The sliding doors at the front and back are terrific. I can slide the doors open to place a shovel inside to remove the compost. One of the doors sticks a bit but moves up and down with some wiggling back and forth. I decided at the time of assembly to make this door the “back door”, and use the easier to open door as the one in front.

This bin is a good size, too. I am tall and can easily reach into the bin to mix the contents. It doesn’t take up much space, either. My brother, who is not one to comment on compost bins, even said the bin was stylish.

When I turned the materials in the bin during week #2, I was delighted to see the biggest, fattest worm that I have ever seen. It obviously found its way into the bin and decided it was a good home!


Gardener’s Supply sells this compost bin for $139.00 dollars. There is also an extra $10.00 shipping fee. However, hunt around for discount coupons. I paid $125.35 (including shipping) with one.

Update -- December 3, 2007

I still have more to learn about composting, but this composter is working very well. The material I put in did breakdown into rich compost. It took most of the growing season because my ratio of dry material to green material was off. The composter is loaded up again, and I can't wait for my next batch.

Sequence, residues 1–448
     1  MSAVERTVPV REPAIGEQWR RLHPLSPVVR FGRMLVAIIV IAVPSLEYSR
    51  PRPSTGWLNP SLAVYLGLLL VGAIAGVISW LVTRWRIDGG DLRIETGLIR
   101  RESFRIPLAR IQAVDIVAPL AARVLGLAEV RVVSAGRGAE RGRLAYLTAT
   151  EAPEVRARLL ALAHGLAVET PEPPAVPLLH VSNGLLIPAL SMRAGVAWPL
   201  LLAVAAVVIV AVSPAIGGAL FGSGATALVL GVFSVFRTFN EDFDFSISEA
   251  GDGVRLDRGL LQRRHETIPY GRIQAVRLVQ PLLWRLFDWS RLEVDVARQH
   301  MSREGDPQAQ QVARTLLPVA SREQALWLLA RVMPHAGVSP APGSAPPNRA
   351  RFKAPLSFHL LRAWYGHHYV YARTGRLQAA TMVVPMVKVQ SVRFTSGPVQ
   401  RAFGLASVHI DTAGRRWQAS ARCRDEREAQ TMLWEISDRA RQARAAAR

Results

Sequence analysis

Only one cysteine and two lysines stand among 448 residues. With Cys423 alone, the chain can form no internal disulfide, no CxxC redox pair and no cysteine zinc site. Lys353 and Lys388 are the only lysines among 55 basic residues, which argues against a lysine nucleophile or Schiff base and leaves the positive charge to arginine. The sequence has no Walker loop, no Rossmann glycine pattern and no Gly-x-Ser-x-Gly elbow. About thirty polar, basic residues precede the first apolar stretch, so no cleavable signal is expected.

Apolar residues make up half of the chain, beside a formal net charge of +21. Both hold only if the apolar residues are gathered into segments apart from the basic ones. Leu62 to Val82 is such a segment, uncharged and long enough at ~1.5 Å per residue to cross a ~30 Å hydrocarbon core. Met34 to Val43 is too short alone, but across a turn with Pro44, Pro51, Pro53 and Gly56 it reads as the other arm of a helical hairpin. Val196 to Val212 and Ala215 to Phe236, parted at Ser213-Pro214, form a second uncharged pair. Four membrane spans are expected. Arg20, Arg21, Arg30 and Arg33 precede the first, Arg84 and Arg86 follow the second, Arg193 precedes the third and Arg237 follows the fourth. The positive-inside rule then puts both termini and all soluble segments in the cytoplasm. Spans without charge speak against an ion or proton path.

I am extremely pleased with this compost bin. It offers everything that I wanted in a composter. I’m expecting that this sturdy bin will last for years and years. It feels good to create my own compost, which enriches my large vegetable garden.

I hope you found this review useful.

Enjoy the day,

Please read my other reviews:

Rodent Screen for compost bin

Droll Yankee Flipper Bird Feeder -- squirrel proof

The Garden Claw

Craftsman Long-Handled Weed Digger

Garden Weasel Cultivator/Weeder

Craftsman Long-Handled Round-Point Shovel

Fiskars Power-Lever Bypass Lopper

Upside-Down Tomato Garden

Earth Box Garden

Rubbermaid Big Max Storage Shed

Black & Decker Cordless Battery Mulching Lawnmower

Copyright 2007 Dawn L. Stewart

Recommend this product? Yes